Music evokes memory. A certain song or type of music can teleport a listener through space and time. It’s essentially an audio TARDIS for your mind. My experience in falling in love with the rock band Garbage however is one that’ll make even the most passive alternative rock fans shake their heads.
Flashback to a young teenage version of myself in the summer of 1999. My parents had just taken me with them to some type of summer festival and I’m wandering around by myself with my Walkman and a set of headphones listening to my brand new copy of Now That’s What I Call Music! Vol. 2, the second volume of a CD series collecting that year’s current crop of chart-toppers. Horrifying sidenote for anyone who has ever owned a Now compilation in their youth: This past April, they just released their 58th volume in the United States. This second volume however featured seminal classics from the likes of Britney Spears, the Backstreet Boys (prior to losing a member of the group), the Spice Girls (after losing a member of the group), Everclear, Sublime, and a bunch of others. The most hilarious throwback is the closing track which is a little something called “Everybody’s Free (To Wear Sunscreen),” which originated as a 1997 essay in the Chicago Tribune but was transformed into a spoken word anthem that summer by the same guy that directed Romeo + Juliet and Moulin Rouge! Total classic.
There were a few gems on this Now compilation though. The New Radicals’ “You Get What You Give” and Semisonic’s “Closing Time” are still among my favorite overplayed songs from that time period and I’ll never have anything but love and respect for the likes of Sheryl Crow and U2. But this CD had one track that I wound up setting on replay time and time again and that was “I Think I’m Paranoid” by Garbage. The sound of that song just made me feel awesome. I was only roughly 14 or 15 at the time, but Garbage has a way with rock music that just makes you feel like a badass, no matter who you are. As a kid that dealt with a lot of anxiety and paranoia (and still sometimes do), it’s pretty obvious to see why I might relate to the song on a personal level, too. It wasn’t long after that I started taking notice and seeing their music videos crop up on MTV and VH1, too. “Special,” in particular, became the theme for anyone who ever did me wrong while “Only Happy When It Rains” was reserved for when I was depressed. Garbage impressed even further when they were commissioned to do a James Bond theme with “The World is Not Enough.” And I don’t think anyone is more excited by the announcement that their newest album, Strange Little Birds, will be released on June 10th. It’ll be their first new album since 2012 and the timing couldn’t be better. Garbage was an iconic alt rock presence during the mid- to late-’90s and it only seems appropriate that now, when our society is riding the nostalgia bus through the ’90s, they’re staging a comeback and don’t exactly seem to slowing.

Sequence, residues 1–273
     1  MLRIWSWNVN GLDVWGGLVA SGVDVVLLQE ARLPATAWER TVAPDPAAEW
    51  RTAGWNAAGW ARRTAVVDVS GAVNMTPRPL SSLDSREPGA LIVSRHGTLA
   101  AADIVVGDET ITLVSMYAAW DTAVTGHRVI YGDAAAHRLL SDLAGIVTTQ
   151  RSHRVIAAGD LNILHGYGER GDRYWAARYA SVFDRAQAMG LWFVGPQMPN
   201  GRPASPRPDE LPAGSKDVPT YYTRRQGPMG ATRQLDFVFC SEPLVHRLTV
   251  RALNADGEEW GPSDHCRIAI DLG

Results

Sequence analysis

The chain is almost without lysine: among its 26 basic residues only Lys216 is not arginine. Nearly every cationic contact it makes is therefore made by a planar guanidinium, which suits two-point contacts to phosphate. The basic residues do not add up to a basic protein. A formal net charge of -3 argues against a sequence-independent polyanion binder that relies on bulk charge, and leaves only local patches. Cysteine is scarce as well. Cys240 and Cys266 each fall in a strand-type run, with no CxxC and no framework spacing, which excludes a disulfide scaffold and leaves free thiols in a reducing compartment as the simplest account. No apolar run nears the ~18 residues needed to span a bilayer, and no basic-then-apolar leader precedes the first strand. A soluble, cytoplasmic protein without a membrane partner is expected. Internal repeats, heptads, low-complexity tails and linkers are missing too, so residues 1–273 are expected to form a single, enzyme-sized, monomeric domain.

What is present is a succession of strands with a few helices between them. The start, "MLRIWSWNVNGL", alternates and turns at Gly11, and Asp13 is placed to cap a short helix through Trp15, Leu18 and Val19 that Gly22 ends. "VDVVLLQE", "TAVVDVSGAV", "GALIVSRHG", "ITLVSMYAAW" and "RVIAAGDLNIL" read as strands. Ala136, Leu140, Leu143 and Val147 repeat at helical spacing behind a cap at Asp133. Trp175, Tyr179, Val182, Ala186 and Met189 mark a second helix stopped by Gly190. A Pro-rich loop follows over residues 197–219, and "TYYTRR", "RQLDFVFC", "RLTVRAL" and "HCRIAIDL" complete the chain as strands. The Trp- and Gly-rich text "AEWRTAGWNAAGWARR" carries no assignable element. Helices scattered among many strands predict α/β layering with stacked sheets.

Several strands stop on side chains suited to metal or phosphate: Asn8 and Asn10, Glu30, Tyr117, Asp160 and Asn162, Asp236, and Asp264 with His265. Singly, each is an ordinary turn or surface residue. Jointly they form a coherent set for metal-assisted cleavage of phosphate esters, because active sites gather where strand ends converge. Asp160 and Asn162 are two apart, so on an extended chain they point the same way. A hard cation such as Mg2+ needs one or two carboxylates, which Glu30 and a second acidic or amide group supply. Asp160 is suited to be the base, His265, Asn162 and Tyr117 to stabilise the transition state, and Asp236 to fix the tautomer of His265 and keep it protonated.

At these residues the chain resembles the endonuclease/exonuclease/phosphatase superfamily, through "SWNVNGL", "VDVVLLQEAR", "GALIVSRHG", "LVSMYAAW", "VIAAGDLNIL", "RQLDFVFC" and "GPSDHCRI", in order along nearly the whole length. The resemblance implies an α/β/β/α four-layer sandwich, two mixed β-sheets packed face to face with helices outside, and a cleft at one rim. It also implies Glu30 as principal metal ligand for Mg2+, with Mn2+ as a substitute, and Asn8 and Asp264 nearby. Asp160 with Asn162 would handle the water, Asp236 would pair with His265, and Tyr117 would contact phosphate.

Upon first viewing and listening to “Empty” (the first single from the new album, featured above), it’s made clear that Shirley Manson still has it and has shown zero age or fatigue. Furthermore, unlike some of their contemporaries that they shared the airwaves with back in the day, they aren’t banking on a reinvigorating respite to India or looking to their newfound relationships with their significant others to fuel their creative process and ultimately start changing their tune. They have managed to keep their identity and still sound like the band I fell in love with during the summer of ’99 and that’s an important feat to accomplish for many musicians that have been around for as long as they have. It sounds as though the band is still dealing with their own pain and trauma and they’re still looking within when they dive into their songwriting. They’re still making it personal rather than making it about what other people want to hear from them. Strip away the grunge-y alt or glam rock facade, and I think this is ultimately what makes Garbage’s sound so personal and relatable to my generation and why Shirley has managed to inspire so many great lady rockers in the past few decades.
And if you’ve never been into Garbage or know much about them, now is the perfect time to get to know them. Dive into their discography, pick up some of their records, watch the videos on YouTube. You only have so much time until Strange Little Birds comes out and we’re all in a Garbage-induced frenzy.
You have been warned.
Tags: butch vig duke erikson empty garbage music music reviews musicians shirley manson steve marker strange little birds